With the beginnings of a possible biomarker intact, Sepúlveda will take his EBV research to a new level in a study that will compare the antibody responses to EBV-derived proteins in 100 people with ME/CFS, 50 healthy controls and 50 patients with multiple sclerosis.
The goal is to uncover a unique ME/CFS immune signature or biological biomarker. Doing so would cause the disease once known as ‘Chronic Epstein-Barr Syndrome’ to come full circle.
In 2020, Philipp Schreiner, Robert Naviaux and Bhupesh Prusty co-authored a paper that threatened to upend what we know about herpesviruses – and ME/CFS. Laboratory experiments showed that subjecting HHV-6-infected cells to stress caused their mitochondria to fragment, and the metabolism of the entire cell to shut down.
At the same time, the cells appeared to emit a substance which, when entering the bloodstream, caused the cells around them to enter into a kind of hibernation state. Adding the serum from ME/CFS patients to the mix caused the same process to occur – possibly putting herpesviruses once again at the heart of ME/CFS.
Herpesviruses may be with us for life, but they don’t have anything on the human endogenous retroviruses (HERVs) which actually come embedded in our DNA. In fact, 5% to 8% of our DNA is composed of fragments of ancient retroviruses. While the viruses don’t have the ability to activate, they can still tweak our immune systems, and have been associated with diseases such as multiple sclerosis.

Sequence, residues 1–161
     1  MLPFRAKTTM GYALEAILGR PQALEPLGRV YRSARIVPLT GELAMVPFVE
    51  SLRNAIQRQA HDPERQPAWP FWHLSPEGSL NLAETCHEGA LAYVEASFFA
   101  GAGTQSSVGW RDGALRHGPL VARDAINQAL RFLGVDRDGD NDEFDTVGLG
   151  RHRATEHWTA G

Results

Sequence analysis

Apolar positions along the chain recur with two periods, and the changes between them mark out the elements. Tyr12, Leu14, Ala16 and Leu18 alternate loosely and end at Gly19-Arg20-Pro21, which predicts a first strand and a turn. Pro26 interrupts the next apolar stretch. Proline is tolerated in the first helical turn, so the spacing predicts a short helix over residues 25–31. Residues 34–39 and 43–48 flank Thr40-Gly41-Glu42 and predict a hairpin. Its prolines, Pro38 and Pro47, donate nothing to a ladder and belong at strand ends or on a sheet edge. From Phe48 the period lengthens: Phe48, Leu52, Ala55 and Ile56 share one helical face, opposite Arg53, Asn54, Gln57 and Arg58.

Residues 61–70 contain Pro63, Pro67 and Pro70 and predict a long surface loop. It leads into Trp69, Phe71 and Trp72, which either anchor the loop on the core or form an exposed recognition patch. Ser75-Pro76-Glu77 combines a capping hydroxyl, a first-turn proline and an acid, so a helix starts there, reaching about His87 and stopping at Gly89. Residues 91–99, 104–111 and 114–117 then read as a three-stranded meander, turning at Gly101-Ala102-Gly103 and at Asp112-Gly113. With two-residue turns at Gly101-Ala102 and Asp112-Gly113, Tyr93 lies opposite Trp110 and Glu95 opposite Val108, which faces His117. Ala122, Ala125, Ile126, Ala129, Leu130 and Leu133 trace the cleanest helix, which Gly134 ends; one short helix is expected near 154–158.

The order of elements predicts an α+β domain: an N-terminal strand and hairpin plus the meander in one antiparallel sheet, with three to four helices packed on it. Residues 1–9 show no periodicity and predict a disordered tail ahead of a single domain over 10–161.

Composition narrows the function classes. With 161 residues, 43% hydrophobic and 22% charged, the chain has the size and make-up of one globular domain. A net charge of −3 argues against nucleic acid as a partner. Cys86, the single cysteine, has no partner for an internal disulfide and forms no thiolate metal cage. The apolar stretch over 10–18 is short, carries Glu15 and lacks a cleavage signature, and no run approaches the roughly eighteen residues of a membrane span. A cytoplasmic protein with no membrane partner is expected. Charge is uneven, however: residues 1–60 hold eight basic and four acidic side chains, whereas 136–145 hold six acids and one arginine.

That’s where Professor Elisa Oltra and her team at the Catholic University of Valencia in Spain come in. ME Research UK is funding Prof. Oltra’s new research and is essentially getting two studies for the price of one. As well as furthering the charity’s interest in epigenetics, she will also take a dive into HERVs at the same time.
HERVs, epigenetics and ME/CFS, it turns out, have something in common – they tend to show up during times of biological stress. Biological stressors such as infections can change our epigenetic makeup – altering who we are as genetic beings. HERVs are most likely to get activated during times of biological stress as well. Put epigenetics, HERVs and the immune system together and you possibly have a recipe for ME/CFS.
Prof. Oltra believes that epigenetic modifications in ME/CFS may be waking up bits of ancient retroviruses which are then triggering the immune system to activate – causing the symptoms found in ME/CFS.
She’ll first assess the expression of HERVs in women with severe ME/CFS and women with fibromyalgia. She’ll then determine if the ME/CFS-associated HERVs she has found are affecting nerve and muscle cells. Then she’ll validate the results in another larger group containing healthy controls.
Finally, reports that coronavirus vaccines are helping some long haulers (and people with ME/CFS) provide another intriguing possibility: that fragments of the coronavirus that have been left behind are touching off immune reactions in the long haulers.Crippled herpesviruses, herpesviruses-inducing hibernation states, bits of ancient retroviruses coming back to life, viral fragments causing trouble – the viruses, it turns out, never did go away in ME/CFS, they just got more interesting. Stay tuned…